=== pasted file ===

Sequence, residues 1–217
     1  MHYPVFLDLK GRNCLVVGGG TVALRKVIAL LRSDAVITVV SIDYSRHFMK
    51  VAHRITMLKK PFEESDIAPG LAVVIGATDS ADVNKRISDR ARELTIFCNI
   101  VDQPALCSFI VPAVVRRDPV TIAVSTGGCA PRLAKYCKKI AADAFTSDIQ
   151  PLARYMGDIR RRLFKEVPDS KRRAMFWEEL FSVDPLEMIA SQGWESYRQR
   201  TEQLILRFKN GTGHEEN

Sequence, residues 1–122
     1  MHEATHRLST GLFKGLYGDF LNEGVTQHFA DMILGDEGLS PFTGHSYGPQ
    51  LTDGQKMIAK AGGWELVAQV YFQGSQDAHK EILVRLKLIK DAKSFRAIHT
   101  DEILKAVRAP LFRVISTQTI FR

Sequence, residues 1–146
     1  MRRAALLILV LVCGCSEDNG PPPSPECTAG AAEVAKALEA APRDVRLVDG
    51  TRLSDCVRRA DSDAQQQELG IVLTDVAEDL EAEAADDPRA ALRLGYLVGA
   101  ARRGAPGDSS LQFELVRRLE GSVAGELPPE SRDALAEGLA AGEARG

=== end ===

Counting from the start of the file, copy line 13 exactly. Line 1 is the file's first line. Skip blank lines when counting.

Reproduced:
    51  TRLSDCVRRA DSDAQQQELG IVLTDVAEDL EAEAADDPRA ALRLGYLVGA